Don’t Die On Collapsing Bridges: Alternative Routes to Jal el Dib and Charles Helou Bridges

After the horrifying Ashrafieh building collapse tragedy and the laughable reactions of the government and authorities, mass hysteria about other buildings and infrastructure not fit for use and habitation have surfaced. Broadcasts, tweets and statuses warning people to avoid the infamous Jal El Dib bridge, which was built back in the 80s and was expected to be in place for 3 to 5 years, is in its third decade. A less “in-your-face” hazard is the Charles Helou bridge-parking-bus stop. Blog Baladi and have already touched upon this subject, and I’ve borrowed photos and some information from them for this post, so thanks guys!

Pics of Jal el Dib (Taken Today)

I risked my life to take these photos for you guys! I also got my sweater dirty thanks to the leaks from the GAPING holes in the bridge. It’s really fascinating how it didn’t fall down yet. This has been a problem for years, and it should’ve been dismantled this month, but according to my friend Najib from Blog Baladi, political disputes have retarded the plans.

Charles Helou Bridge Held With Wooden Boards

Was closed last weekend. I was hoping they’d be paving the road… Apparently, they were keeping it up with wooden boards. Hurray! -_- (note: I was being sarcastic =P the boards hold up the concrete they added to the cracks and holes, after all, those tiny metal bars and wooden boards won’t hole the tens of thousands of cars that pass there everyday)

So, here are some roads to avoid these bridges (and traffic too). I admit, I wasn’t posting this for the past two years cause I wanted some of them all to myself. Yes, greedy I know. But, I wouldn’t want any of you guys to fall to their deaths so, here you go!

The Port Road

Take the exit on the right instead of going straight near the MTCtouch building. You will go on the road that leads to the Beirut Port entrance and eventually BIEL.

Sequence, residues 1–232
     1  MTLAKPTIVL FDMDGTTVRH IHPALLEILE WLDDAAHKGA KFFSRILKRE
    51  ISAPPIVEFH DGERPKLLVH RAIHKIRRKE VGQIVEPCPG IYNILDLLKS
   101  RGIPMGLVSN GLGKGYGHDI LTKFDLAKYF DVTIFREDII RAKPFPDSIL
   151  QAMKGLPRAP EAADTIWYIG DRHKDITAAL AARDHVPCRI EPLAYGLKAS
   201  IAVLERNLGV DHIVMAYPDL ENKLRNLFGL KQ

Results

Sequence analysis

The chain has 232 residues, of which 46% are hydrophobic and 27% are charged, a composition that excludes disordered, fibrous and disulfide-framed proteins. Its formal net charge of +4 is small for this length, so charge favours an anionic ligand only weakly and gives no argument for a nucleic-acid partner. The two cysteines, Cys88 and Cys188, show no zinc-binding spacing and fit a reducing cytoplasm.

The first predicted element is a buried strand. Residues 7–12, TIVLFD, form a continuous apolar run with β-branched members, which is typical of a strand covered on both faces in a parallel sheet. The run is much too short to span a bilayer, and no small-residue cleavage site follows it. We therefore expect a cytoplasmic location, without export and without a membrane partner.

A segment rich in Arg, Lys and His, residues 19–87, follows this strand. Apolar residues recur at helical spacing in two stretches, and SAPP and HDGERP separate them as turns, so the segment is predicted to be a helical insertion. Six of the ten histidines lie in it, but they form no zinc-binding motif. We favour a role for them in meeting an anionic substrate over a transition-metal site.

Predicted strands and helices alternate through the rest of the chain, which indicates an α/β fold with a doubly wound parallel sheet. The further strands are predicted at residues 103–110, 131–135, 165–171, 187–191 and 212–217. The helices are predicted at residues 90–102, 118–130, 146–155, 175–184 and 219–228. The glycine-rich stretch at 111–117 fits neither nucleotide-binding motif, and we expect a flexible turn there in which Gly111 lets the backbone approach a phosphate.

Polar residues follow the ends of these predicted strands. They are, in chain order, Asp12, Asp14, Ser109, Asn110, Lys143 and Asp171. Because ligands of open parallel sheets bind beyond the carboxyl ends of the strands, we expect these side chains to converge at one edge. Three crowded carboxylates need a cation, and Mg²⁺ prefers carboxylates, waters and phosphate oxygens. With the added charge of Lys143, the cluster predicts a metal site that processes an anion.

Forum-Gemayel-Armenia-Mar Mikhael

U-turn off the Forum de Beyrouth, go on the Pierre Gemayel road, then at the cross-roads near Art Lounge, go on Armenia Street which is the one that leads to Gemmayzeh eventually. This will probably be less crowded than the Port area. I use it often


Ashrafieh-Yerevan-Badawi Street (where dictateur is)-Armenia-Forum (Back from Beirut)

The small, one-way road is not very well-known, so it can be useful while avoiding monster traffic and crumbling bridges.

Antelias-Jal El Dib-Nahr El Mot Inner, Inner Road

It’s not the inner road we all know, but the one above it. Much less crowded, I use it more than the highway and main inner one.


  1. Amine Azar says

    The charles helou bridge is not being held with wooden boards. the wooden boards are used in all building and construction processes to put cement (sabbiyet baton). They use the metalic bars to hold a wooden sheet in place and then they pour mixed cement above the wooden sheet. when the cement gets dry, they remove the wood from under.
    i agree with you about the messed up and unsecure roads in Lebanon. but i just thought of explaining the case of Charles Helou bridge.

  2. Rio says

    Gino, are you a civil engineer?
    Do you think posting a couple of pictures in bad weather gives you the right to make conclusion based on correlations you think are right?
    None of the pics you showed prove that the bridge is not safe. And that comes from a civil engineer.
    I suggest prior to posting an article that will spread fear, to take the professional advice of civil structural engineers..
    Although both bridges are poorly maintained, there is no proof that they are structurally about to collapse.


    • says

      No, I’m not a civil engineer. But, I listen to civil engineers, and when several point out that it’s in danger of collapse at any moment, I tend to trust them. Please refer to the links I suggested for details about which officials pointed out the precarious situation of the jal el dib “temporary” bridge

      Also, thanks for suggesting this blogpost might cause the fear, but this post is a result of the fear already present (if you have BBM or whatsapp you’d understand), not the other way round.

      But, even if I didn’t, the MANY holes and cracks as well as the moving, bare metallic panels suggest a lot more than a dozen civil engineers =P

  3. Raffi Agopian says

    Forget about not going on the JAL EL DIB bridge… Make sure you take alternate routes so you don’t pass under it.


  1. […] Yesterday, there was an alert on a bridge threatening to collapse in Jal el Dib. Tweets, broadcasts, messages and statuses on Facebook all called for attention to avoid using this bridge which was supposed to be in place for a few years but it still used since the 80s. More information on this blog :… […]

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